Elizabeth Beam talks to a Scottsbluff audience about bio-containment procedures.

Samples of protective gear worn by biocontainment staff at UNMC. (Photo by Bill Kelly, NET News)

“We were getting patients from literally from the (United States) State Department, (asking) ‘can we bring a patient to you?’” recalls Beam, with the Med Center’s biocontainment unit. “It’s a very odd way for a patient to come in your hospital.”

In smaller hospitals a carrier could walk through the front entrance of any clinic in Nebraska, potentially unaware they carry a contagion, thus endangering other patients and health care workers.

“Regardless of whether it's urban or rural, it's that initial provider who cares for that patient,” Beam said. “It's the details that we attend to in preparing for patients like that and then applying that to patients who come in with an unknown illness and so, yeah, the emphasis on that is huge and so necessary.

Beam and others on the UNMC biocontainment staff found interest in Ebola provided an opportunity to preach preparation to anyone who might face a worst-case scenario of infectious diseases. In the past year its doctors and nurses have been popular speakers, as well as authors of numerous articles for scholarly journals outlining the unit's best practices. Health care professionals from all over the world routinely seek guidance from the Nebraska-based Ebola team, considering their methods to be the model in safety and effectiveness.

Beam says she tells doctors, nurses and anyone else in the field their approach is very basic, even while the cases being treated are “scary.” After health care workers at other hospitals became exposed to the virus, the Nebraska team reconsidered every aspect of procedures used to protect staff tending to a patient at every stage.

“We want to have that initial provider awareness that (if a) patient’s coughing. I should put a mask on that patient (and) put a mask on myself.”

Beam often reminds health care professionals about basic precautions like reacting to coughing and sneezing patients. At a time when the risk of pandemic is taken seriously, “that should trigger an immediate response” Beam says.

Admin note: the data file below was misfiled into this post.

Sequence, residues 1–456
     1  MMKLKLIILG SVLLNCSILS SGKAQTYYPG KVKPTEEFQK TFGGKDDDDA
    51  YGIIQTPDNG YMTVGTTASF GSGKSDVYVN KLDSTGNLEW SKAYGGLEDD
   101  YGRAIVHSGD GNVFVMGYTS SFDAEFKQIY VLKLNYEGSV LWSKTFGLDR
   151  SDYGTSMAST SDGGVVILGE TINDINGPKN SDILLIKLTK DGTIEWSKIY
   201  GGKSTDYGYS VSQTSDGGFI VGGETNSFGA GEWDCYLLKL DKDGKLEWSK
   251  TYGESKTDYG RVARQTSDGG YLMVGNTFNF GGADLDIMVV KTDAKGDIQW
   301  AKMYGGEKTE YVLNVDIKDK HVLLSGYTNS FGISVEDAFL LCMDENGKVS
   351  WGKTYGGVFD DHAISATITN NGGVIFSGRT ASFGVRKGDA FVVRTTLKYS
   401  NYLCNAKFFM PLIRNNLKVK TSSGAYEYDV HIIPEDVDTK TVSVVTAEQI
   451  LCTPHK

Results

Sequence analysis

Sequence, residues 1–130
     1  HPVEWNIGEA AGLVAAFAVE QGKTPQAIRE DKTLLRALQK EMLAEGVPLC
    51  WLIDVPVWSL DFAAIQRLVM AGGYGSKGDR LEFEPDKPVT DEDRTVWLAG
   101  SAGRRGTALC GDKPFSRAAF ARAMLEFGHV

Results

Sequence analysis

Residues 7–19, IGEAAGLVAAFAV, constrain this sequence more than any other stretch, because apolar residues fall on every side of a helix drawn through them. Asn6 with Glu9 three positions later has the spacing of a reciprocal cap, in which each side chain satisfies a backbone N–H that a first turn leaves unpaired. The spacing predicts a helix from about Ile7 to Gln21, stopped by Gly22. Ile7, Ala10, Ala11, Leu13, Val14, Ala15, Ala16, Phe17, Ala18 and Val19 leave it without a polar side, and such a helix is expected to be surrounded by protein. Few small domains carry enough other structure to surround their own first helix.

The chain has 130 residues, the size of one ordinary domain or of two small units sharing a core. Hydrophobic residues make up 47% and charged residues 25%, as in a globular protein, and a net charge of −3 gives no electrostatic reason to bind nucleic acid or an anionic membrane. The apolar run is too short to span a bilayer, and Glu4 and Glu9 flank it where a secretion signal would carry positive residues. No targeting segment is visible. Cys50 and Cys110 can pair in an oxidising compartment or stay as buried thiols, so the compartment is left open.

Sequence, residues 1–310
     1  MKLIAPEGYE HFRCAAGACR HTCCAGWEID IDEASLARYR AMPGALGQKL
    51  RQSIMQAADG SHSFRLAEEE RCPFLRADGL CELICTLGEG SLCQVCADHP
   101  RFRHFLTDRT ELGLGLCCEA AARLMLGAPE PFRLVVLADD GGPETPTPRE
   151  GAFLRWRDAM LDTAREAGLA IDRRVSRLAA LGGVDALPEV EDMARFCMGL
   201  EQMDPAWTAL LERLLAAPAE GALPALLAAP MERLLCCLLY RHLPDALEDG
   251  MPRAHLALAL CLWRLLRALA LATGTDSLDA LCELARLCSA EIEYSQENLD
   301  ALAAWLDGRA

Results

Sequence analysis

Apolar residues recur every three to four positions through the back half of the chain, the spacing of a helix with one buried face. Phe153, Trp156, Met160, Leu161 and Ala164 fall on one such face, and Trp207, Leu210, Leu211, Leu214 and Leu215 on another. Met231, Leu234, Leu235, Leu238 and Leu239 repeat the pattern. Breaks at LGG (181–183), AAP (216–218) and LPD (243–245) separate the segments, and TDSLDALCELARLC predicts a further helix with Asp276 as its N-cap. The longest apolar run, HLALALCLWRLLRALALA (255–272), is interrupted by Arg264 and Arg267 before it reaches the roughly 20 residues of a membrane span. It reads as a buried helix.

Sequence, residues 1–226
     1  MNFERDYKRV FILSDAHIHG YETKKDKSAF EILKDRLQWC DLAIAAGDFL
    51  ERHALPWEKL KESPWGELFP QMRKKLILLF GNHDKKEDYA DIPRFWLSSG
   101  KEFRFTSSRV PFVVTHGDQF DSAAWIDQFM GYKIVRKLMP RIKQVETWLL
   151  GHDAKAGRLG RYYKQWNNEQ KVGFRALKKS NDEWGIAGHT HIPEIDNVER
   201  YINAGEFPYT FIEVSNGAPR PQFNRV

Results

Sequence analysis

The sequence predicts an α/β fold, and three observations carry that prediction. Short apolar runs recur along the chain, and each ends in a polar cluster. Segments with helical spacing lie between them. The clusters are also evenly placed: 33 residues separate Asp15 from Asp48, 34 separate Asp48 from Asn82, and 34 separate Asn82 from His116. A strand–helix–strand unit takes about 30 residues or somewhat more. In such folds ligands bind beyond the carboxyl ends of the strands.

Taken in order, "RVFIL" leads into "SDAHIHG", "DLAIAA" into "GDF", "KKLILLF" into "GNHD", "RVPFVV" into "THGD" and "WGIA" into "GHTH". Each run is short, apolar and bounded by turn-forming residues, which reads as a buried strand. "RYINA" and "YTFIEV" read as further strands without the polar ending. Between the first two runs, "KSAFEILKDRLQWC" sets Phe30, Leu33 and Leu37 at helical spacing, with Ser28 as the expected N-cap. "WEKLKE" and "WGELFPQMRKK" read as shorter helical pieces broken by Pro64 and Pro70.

“We have to work really hard with our health care providers to teach them to do this stuff very carefully and systematically so they are not spreading disease,” Beam said.

EBOLA EDUCATION MATERIALS

UNMC makes available to the public many of the same Ebola educational materials used to train health care professionals. CLICK HERE to check out their online resources.

“It's the details that we attend to in preparing for patients,” Beam said. “The emphasis on that is huge and so necessary.” 

Dr. Morgan, Chief of Medicine at Regional West, said “that was part of our plan as well.”

Morgan is especially mindful of circumstances where a worsening patient without an obvious diagnosis might show up at one of the regional clinics in Nebraska’s Panhandle.

“If this patient should present to Oshkosh, Sidney, Alliance Chadron, Kimball, etc., what would be (the local doctor's) role and how would we respond when our health care partners in the Panhandle would ask us for help?”

Regional West has been drilling staff in basic skills, like donning and doffing the protective gear crucial to dealing with airborne viruses or dangerous bodily fluids.  

Staff also take part in more complex drills and exercises, testing the decision-making which occurs in real-time if the hospital was presented with one or more patients carrying a seriously infectious disease.

According to the study of the capability of U.S. centers to treat Ebola a sizable majority of health care facilities were “inadequately prepared to care for patients with suspected or confirmed Ebola.” The Centers for Disease Control provided substantial resources to upgrade their capabilities under the direction of CDC, sites have expanded their capabilities, yet remain “limited” in overall capacity.

"In the past year, the United States saw an intense effort across the country to rapidly expand the capacity for high-level isolation patient care,” Dr. Lowe of UNMC said. “Our study shows an unprecedented increase in the number of high-level isolation beds across the country and found a variety of approaches to achieving this capability.”

“The processes are fairly simple,” Morgan said, “but they need to be accomplished just right, with great detail to minimize risk to the patient (and) minimize risk to the health care health care provider.”

In his new research study, Lowe writes that since 2014 the United States rapidly expanded its capabilities to handle “high-level isolation patient care.”

Lowe, an assistant professor in the College of Public Health, added in a prepared statement released with the study, the research “shows an unprecedented increase in the number of high-level isolation beds across the country and found a variety of approaches to achieving this capability.”

When factoring the cost of a major outbreak, the study cautions it’s important to factor in the potentially high price of necessities such as bio-hazard waste disposal, intense staffing needs, and the potential for more costly treatment factors like treating children or multiple patients at once.